We will not wait for you to read half of this article before discovering the cold truth. The cost of living in the Channel Islands is ‘generally’ more expensive compared to the UK or other nearby EU countries. But some areas are cheaper and more conducive to a better style of life.
To get a more accurate picture of your cost of living for the individual islands and towns, consider using a COST OF LIVING CALCULATOR.
Why are the prices higher?
The higher cost of living is due to the burden of importing goods to the islands. Due to importation duties, food and furniture are particularly high on the scale of prices. Accommodation is higher because of the scarcity of available space. But fuel and insurance are often cheaper than in the UK.
To offset these costs, wages are generally higher. But you still might be asking yourself:
‘Why would I live there?’
Well, it is the quality of life that you get. We will look at some of the everyday costs of living in this wonderful part of the world.
Guernsey raises its own taxes. It doesn’t have Capital Gains Tax, Inheritance Tax or any other wealth-based taxes. The current personal income tax rate for Guernsey residents is 20% after deduction of personal allowances. The corporate tax ranges from 0% to 10% depending on the company’s activities. Also, residents pay national insurance, which affords them a range of benefits, including social security. You do not have to pay GST or VAT.
The personal income tax in Jersey is no greater than 20%. There is no Capital Gains Tax or inheritance tax. Employed people also make social security contributions payable at 6% of their gross wage. You don’t have to pay VAT on goods and services and can even get your VAT refunded from some online retailers when they deliver to Jersey. A GST is charged at 5% on most goods and services.
Space is at a premium on the Channel Islands, which puts pressure on the prices! High property prices mean that rental costs are also high.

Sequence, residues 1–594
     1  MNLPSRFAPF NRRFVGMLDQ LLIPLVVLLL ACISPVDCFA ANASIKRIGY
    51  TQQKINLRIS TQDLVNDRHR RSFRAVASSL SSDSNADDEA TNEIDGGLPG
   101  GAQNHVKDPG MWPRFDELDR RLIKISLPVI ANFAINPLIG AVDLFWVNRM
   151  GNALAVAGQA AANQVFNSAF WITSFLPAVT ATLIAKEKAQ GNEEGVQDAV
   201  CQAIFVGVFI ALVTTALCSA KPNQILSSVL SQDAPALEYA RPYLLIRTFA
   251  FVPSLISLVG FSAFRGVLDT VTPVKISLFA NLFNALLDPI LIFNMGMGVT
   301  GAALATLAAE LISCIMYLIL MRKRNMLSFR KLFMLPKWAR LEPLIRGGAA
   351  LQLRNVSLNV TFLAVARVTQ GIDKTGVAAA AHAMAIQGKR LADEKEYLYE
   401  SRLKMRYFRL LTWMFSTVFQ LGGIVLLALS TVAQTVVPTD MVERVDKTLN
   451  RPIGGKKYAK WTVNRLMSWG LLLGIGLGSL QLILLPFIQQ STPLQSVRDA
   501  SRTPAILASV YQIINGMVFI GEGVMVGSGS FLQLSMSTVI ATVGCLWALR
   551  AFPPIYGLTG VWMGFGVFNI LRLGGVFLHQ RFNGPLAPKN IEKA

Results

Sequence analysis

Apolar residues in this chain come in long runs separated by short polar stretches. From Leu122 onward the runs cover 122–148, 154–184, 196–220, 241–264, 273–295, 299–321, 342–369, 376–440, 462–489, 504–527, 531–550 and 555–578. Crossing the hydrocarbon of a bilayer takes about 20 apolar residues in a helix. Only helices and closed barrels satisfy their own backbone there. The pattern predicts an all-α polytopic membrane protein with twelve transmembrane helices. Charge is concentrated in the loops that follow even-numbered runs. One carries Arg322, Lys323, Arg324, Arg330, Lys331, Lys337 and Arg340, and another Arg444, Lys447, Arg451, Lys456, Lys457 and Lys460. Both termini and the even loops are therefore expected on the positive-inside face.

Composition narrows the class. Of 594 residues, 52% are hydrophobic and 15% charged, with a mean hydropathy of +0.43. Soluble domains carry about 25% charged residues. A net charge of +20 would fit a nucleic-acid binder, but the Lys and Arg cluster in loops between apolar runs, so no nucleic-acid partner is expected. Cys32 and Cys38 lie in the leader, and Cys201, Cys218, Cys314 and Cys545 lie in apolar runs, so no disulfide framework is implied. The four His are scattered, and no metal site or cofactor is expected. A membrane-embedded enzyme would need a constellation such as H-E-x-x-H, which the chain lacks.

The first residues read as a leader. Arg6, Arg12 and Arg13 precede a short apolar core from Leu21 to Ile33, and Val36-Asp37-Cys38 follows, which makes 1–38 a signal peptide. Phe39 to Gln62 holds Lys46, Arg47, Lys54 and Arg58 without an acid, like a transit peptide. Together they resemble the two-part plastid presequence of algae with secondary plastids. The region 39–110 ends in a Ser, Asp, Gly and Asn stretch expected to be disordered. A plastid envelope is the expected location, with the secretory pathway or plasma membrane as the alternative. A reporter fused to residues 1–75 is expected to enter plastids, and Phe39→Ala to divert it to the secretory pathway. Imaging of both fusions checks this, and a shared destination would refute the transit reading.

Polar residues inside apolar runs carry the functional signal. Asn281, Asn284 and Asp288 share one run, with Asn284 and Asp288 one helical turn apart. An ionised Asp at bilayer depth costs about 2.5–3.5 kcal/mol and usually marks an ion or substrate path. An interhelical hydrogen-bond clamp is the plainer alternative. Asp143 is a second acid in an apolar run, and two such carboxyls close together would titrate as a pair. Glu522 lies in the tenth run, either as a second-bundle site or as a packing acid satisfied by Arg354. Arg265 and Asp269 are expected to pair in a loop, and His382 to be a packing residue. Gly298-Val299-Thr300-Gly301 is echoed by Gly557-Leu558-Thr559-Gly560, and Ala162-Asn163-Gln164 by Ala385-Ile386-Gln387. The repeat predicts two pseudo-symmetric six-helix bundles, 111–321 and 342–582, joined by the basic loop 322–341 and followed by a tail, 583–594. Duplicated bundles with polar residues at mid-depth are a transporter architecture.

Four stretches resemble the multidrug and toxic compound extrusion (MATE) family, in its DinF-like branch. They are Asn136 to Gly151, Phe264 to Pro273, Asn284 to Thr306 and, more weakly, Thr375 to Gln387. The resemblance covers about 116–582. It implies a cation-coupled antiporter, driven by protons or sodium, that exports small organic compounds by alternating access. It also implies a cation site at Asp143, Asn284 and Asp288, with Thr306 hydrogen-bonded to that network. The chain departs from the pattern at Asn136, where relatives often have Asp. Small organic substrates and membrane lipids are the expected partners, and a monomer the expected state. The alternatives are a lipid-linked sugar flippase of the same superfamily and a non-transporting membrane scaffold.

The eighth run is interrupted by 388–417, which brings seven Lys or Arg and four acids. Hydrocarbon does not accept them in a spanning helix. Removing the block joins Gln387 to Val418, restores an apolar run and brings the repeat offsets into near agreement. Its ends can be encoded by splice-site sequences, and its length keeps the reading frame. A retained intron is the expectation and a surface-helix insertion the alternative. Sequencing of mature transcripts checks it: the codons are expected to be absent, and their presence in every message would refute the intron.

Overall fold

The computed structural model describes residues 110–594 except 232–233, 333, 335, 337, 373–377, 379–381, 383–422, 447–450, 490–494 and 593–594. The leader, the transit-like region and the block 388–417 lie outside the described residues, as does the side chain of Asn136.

Because accommodation is sparse and the rules around purchasing and renting are convoluted and different on both islands, it is best to engage a real estate agent or immigration specialist to ensure you find a suitable home with the minimum of struggle.
Housing is split into two markets – the local market and the open market. Local market housing makes up around 90% of the property market. It is only available to a select group of people to rent or purchase. These people are those born in Guernsey or those who have been brought to the island for essential skills jobs.
The open market makes up a small percentage of the properties available, and are usually more luxurious than the local market, making them more expensive.
Expats need a housing permit to either rent or buy a home, and your eligibility is based on your residence, work or financial status. You are assigned a category. You can only purchase a property in Jersey if you have an ‘Entitled’ residential status (you have lived in Jersey for 10 years or more) or ‘Licensed’ (you are an essential employee on the island). Those who are ‘Entitled to work’ can only rent but not purchase unless they have a partner who is of an equal or higher status.
Much of the fresh produce in the Channel Islands is imported, and the cost is passed onto the customer. Local produce is definitely cheaper and can be found at local farm shops and markets. However, the quantity is limited and seasonal.
You will be pleased to know that the islands are so small that many people can live comfortably without purchasing a car. But if you do, petrol, insurance and parking are cheaper than on the mainland.
There is ample public transport throughout both islands. There are also great routes for cyclists and many cycle shops where you can hire or buy pushbikes.
This is only a quick overview of the cost of living in the Channel Islands and what you should consider when thinking of relocating. Do some research and you will discover whether making the move to the Channel Islands is right for you and your family.
Did you fall in love with Alderney and want to move to this magical island? Then don’t miss the following article: Buying a house in Alderney